6 July - 26 August 2013
For this work commissioned by Fabrica, sculptor Susie MacMurray suspended thousands of musical manuscripts from the ceiling to create a fragile landscape that resonated with the history of the building.
The manuscripts had been assembled from a variety of sources – hymns that might have been sung at Holy Trinity when it was a church, other religious, choral and chamber works but also jazz and more recent popular music – all in different ways emphasising music as an ephemeral, shared and emotional experience.
Susie MacMurray is a classical musician turned visual artist. Her work encompasses drawing and sculpture and ranges in scale from the small and intimate to the architectural. Her engagement with materials and with the body is at the heart of her practice. She has completed several site-specific installations that have sought to immerse or overwhelm the viewer and describes these works as producing ‘a physical experience akin to the sensation a musician feels playing at the centre of an orchestra.’
‘One way to imagine music is as a complex intertwining landscape of sounds textures, volumes and rhythms. I am thinking about how the light in the space – itself a transient, moving and ever-changing thing – could help to describe an alternative musical landscape.’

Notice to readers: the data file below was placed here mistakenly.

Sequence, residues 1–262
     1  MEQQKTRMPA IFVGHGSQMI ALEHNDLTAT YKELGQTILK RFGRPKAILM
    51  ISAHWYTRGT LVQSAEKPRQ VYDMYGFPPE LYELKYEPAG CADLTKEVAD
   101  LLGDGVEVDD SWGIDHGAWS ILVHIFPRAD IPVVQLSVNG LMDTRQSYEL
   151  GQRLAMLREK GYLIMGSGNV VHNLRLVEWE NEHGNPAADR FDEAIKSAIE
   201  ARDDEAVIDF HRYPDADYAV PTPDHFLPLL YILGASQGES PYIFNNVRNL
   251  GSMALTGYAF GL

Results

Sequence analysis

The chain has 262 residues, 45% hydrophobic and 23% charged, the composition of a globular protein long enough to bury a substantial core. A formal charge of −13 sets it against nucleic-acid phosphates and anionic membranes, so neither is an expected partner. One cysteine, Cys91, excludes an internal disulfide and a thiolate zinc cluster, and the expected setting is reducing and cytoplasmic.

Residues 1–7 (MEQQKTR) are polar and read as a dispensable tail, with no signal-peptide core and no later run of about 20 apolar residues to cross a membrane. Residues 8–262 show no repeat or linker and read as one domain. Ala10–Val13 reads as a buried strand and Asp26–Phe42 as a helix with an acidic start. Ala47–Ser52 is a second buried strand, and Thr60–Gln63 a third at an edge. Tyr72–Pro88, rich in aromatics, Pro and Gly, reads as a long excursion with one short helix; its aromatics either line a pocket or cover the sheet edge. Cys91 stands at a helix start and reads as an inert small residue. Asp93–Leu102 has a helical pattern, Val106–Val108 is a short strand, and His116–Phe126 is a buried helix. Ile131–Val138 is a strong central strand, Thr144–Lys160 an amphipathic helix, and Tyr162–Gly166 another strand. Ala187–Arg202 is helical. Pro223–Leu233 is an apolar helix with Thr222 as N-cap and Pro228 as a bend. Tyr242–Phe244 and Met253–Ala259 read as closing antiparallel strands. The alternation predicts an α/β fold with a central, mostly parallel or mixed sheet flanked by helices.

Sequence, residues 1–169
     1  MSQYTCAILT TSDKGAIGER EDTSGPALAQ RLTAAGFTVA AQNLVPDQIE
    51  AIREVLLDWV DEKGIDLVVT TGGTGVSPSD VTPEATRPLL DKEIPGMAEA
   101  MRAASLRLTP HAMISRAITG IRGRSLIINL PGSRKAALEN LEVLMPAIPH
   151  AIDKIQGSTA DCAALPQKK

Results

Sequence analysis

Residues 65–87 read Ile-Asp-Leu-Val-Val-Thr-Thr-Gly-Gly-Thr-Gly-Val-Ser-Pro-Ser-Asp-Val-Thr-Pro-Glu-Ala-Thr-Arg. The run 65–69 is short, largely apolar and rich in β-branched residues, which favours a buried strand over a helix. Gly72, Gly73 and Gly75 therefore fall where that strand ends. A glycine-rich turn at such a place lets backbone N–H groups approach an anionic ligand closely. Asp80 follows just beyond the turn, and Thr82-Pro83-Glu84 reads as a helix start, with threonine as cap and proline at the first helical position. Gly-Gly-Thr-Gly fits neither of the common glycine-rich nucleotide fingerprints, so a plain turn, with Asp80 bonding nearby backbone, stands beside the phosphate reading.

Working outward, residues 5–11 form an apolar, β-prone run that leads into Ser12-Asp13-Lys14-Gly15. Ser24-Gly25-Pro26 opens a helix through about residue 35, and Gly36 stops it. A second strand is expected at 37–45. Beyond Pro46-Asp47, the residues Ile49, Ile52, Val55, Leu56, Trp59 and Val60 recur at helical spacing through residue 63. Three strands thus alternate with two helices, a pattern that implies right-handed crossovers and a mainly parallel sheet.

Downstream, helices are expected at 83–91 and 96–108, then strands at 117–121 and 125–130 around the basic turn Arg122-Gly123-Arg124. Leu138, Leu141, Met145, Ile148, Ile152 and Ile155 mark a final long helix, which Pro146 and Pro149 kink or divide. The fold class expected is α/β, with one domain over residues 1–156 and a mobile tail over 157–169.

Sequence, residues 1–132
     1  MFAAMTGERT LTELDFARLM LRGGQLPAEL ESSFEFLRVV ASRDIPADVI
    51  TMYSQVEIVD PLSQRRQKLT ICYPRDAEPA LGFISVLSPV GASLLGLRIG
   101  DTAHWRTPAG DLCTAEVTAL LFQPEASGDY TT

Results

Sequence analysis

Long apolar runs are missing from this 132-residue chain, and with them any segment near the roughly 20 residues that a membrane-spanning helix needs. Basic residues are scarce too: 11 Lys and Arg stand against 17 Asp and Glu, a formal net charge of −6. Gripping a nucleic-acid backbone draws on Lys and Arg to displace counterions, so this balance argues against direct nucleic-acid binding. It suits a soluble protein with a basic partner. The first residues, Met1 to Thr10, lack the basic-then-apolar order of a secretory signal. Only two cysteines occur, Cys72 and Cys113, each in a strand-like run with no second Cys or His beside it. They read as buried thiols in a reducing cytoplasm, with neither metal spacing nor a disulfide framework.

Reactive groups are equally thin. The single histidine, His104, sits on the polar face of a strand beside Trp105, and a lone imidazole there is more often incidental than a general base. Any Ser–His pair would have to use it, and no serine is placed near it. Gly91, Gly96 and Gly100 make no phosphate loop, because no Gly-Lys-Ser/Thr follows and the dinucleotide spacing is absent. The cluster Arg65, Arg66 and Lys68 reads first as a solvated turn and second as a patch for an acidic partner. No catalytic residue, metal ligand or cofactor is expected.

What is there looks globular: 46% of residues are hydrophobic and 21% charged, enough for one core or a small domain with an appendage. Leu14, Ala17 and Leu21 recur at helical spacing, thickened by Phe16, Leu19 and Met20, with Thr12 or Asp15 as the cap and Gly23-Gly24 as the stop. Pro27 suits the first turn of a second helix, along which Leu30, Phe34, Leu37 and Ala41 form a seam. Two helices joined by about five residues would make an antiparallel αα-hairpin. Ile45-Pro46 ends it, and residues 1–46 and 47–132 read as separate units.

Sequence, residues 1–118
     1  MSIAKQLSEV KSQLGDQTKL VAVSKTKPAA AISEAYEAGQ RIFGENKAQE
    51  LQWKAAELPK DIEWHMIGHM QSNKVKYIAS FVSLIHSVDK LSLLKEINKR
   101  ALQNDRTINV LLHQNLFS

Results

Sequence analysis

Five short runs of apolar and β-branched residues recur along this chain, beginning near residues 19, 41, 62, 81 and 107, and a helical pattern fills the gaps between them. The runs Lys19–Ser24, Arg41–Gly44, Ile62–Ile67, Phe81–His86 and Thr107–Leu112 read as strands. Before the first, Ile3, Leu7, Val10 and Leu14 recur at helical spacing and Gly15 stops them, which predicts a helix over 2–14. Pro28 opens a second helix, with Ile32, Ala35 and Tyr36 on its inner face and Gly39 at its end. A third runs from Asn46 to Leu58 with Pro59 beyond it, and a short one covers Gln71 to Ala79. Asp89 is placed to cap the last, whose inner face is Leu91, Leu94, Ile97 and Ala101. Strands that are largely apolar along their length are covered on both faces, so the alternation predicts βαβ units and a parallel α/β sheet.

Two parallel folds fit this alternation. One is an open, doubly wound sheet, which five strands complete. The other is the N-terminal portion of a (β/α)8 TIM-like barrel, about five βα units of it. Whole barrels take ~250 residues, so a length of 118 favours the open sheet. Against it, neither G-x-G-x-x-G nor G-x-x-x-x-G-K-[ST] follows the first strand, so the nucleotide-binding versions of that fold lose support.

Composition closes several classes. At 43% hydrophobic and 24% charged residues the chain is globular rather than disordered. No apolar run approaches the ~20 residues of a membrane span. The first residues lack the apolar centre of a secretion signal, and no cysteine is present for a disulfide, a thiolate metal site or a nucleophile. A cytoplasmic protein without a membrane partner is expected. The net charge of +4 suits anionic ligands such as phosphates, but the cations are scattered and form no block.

On Thursday 18 July 6-7.30pm Susie MacMurray discussed her past work and artistic approach with Professor Catherine Harper, Dean of the School of Arts and the Digital Industries of the University of East London, and UK editor of Textile: the Journal of Cloth and Culture.
Much of the sheet music purchased to create Resonance came from the Music Corner. They have been selling secondhand sheet music and instruments to raise money to build a school in India.
Resonance is part of Time and Place, a collaborative project with organisations in the UK and France funded by the Interreg Iva Channel programme. For more information on the project and the partners visit timeandplaceproject.org
I am a former classical musician turned artist. From an early age I have been used to the necessary discipline of daily practice. For upwards of 20 years I played scales, repeated fingering and breathing exercises and returned again and again to tricky passages, attempting to master them, and then to continually improve that mastery. It is work that is never done, never finished. It always needs to be re-done the next day. It is ingrained in my psyche. Musicians are also like athletes. They need to be ‘in shape’. The muscles of the face that form the embouchure and the fine motor skills demanded of the fingers and thumbs need to be kept match-fit.
So the daily life of a musician is supremely Sisyphean in nature. In addition my particular discipline as a bassoonist requires the instrumentalists to construct and fine-tune their own double reeds from scratch. This involves the cutting, bending, binding and scraping of special bamboo cane into little delicate vibrating noise producers, similar to those used to make the sound in bagpipes. Being an organic material, subjected to prolonged exposure to the saliva of the player these reeds only last a short time, quickly breaking down and ceasing to vibrate freely as they become brittle and decay. What a madly uncertain vessel to invest your sense of self in!